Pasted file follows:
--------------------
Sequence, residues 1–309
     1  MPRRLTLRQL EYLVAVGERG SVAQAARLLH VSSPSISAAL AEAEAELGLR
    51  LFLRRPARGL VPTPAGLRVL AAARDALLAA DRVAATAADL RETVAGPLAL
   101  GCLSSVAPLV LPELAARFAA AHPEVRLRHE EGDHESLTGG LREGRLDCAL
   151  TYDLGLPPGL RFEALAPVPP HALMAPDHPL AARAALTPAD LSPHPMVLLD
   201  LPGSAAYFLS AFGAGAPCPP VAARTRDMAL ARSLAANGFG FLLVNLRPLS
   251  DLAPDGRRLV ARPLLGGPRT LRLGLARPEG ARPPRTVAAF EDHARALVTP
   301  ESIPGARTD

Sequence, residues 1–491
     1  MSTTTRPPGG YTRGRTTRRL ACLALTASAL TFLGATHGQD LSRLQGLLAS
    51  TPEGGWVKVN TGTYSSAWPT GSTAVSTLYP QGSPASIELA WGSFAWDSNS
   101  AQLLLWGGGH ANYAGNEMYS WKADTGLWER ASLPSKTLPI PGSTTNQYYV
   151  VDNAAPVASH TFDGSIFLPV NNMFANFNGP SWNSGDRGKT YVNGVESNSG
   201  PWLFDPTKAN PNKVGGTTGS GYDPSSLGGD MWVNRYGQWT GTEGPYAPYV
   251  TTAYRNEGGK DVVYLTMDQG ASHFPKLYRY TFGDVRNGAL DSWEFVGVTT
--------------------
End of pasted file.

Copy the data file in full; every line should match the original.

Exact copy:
Sequence, residues 1–309
     1  MPRRLTLRQL EYLVAVGERG SVAQAARLLH VSSPSISAAL AEAEAELGLR
    51  LFLRRPARGL VPTPAGLRVL AAARDALLAA DRVAATAADL RETVAGPLAL
   101  GCLSSVAPLV LPELAARFAA AHPEVRLRHE EGDHESLTGG LREGRLDCAL
   151  TYDLGLPPGL RFEALAPVPP HALMAPDHPL AARAALTPAD LSPHPMVLLD
   201  LPGSAAYFLS AFGAGAPCPP VAARTRDMAL ARSLAANGFG FLLVNLRPLS
   251  DLAPDGRRLV ARPLLGGPRT LRLGLARPEG ARPPRTVAAF EDHARALVTP
   301  ESIPGARTD

Sequence, residues 1–491
     1  MSTTTRPPGG YTRGRTTRRL ACLALTASAL TFLGATHGQD LSRLQGLLAS
    51  TPEGGWVKVN TGTYSSAWPT GSTAVSTLYP QGSPASIELA WGSFAWDSNS
   101  AQLLLWGGGH ANYAGNEMYS WKADTGLWER ASLPSKTLPI PGSTTNQYYV
   151  VDNAAPVASH TFDGSIFLPV NNMFANFNGP SWNSGDRGKT YVNGVESNSG
   201  PWLFDPTKAN PNKVGGTTGS GYDPSSLGGD MWVNRYGQWT GTEGPYAPYV
   251  TTAYRNEGGK DVVYLTMDQG ASHFPKLYRY TFGDVRNGAL DSWEFVGVTT